• Reveals the effectiveness of the instructor’s training methods
• Checks student retention of what has been learned
• Reviews material already presented to the student
• Can be used to retain student interest and stimulate thinking
• Emphasizes the important points of training
• Identifies points that need more emphasis
• Checks student comprehension of what has been learned
• Promotes active student participation, which is important to effective learning

Characteristics of Effective Questions
Prepared questions merely serve as a framework, and as the lesson progresses, should be supplemented by such impromptu questions as the instructor considers appropriate.

To be effective, questions must:
• Apply to the subject of instruction.
• Be brief and concise, but also clear and definite.
• Be adapted to the ability, experience, and stage of training of the students.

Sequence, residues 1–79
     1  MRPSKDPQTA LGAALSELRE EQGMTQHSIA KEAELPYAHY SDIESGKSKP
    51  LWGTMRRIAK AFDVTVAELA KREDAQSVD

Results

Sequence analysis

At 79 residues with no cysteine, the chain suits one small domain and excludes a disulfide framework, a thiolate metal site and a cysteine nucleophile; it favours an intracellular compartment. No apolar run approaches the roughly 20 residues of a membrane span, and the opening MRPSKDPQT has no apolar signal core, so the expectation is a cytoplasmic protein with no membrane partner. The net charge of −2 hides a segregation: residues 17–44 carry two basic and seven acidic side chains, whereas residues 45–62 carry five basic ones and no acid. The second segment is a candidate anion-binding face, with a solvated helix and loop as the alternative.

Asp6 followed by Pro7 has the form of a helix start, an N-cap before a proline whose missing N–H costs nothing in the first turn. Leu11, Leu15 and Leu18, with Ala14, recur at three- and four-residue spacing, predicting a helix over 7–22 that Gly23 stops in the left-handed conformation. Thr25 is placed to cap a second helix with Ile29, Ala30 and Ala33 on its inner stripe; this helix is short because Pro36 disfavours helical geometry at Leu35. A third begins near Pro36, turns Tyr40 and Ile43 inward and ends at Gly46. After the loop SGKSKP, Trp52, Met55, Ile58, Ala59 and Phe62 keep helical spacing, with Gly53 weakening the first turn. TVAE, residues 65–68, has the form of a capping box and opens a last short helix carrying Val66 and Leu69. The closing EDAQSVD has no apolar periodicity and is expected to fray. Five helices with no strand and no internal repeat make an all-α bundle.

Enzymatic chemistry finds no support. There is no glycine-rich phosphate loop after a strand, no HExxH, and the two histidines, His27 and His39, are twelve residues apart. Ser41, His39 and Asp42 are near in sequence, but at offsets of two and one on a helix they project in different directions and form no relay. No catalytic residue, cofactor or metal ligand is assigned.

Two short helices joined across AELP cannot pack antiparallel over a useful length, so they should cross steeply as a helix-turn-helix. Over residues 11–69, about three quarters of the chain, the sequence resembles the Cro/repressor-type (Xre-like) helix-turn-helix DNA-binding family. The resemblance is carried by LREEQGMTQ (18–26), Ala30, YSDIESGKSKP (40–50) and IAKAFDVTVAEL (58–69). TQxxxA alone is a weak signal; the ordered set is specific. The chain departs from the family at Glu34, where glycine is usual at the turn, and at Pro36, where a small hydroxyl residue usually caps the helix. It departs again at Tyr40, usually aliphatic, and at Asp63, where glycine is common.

• Center on only one idea (limited to who, what, when, where, how, or why, not a combination).
• Present a challenge to the students.

Types of Questions To Avoid
Effective quizzing does not ever include yes/no questions such as “Do you understand?” or “Do you have any questions?” Also avoid the following types of questions: puzzle, oversize, toss-up, bewilderment, trick questions, irrelevant questions.

Answering Student Questions
• Be sure that you clearly understand the question before attempting to answer.
• Display interest in the student’s question and frame an answer that is as direct and accurate as possible.
• After responding, determine whether or not the student is satisfied with the answer.

Chapter Summary